A behavioral ecologist at the University of Exeter, Paul Rose, decided to investigate if flamingos formed close bonds with each other when they are in the wild.
What he discovered was rather interesting. It doesn’t matter if it is flamingo mates, same-sex friends, or groups of multiple flamingos, they are in it for the long haul when it comes to relationships.
The data that Rose put together was from 2012-2016. Information was taken from the Caribbean, Chilean, Andean, and lesser flocks living at Gloucestershire’s Wildfowl and Slimbridge Wetland Centre. What they found is that the bonds they form in the wild can last for decades, which is why you often see them huddling close together.
In an interview with National Geographic, Rose said: “The fact that they’re so long-lasting suggests these relationships are important for survival in the wild.”
Rose took pictures of the flamingos on a daily basis over four seasons to assess the strength of the friendships among specific flocks. He wanted to see which of those birds were huddled together.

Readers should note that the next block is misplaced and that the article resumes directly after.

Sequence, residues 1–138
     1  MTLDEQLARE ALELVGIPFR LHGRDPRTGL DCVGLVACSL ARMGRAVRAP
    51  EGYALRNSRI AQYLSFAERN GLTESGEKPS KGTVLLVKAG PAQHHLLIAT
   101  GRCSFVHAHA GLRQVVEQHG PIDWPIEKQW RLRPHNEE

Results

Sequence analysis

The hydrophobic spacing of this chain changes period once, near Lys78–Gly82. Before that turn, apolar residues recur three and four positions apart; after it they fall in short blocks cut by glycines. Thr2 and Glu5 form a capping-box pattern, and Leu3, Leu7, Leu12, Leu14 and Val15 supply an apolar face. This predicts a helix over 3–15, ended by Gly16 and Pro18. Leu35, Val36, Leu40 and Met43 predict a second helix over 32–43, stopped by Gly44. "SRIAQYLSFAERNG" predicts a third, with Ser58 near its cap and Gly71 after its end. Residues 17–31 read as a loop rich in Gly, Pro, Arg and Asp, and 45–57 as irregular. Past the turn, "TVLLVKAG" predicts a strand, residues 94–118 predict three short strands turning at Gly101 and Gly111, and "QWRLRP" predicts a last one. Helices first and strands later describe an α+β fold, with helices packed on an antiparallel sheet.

For example, he said, “there were two strongly bonded older females who did everything from courtship displays to building their nests together, and they were always joined by a male 20 years their junior.” He also said that when two flamingos are “less than one neck length away” from each other, it’s a good chance that they are friends.
Rose commented on how flamingos chose their mates:
“It seems to be more about finding someone with a similar personality, someone you don’t clash with. The flocks are noisy and busy, and probably the birds don’t need more stress. Having a buddy is good for your well-being… one way to reduce stress and fights is to avoid those birds you don’t get on with.”
He also said the zoo owners should be cautious of separating flamingos that seem to be “closely bonded.” You can read the full study in the June issue of Behavioral Processes.
I guess birds of a feather really do flock together!
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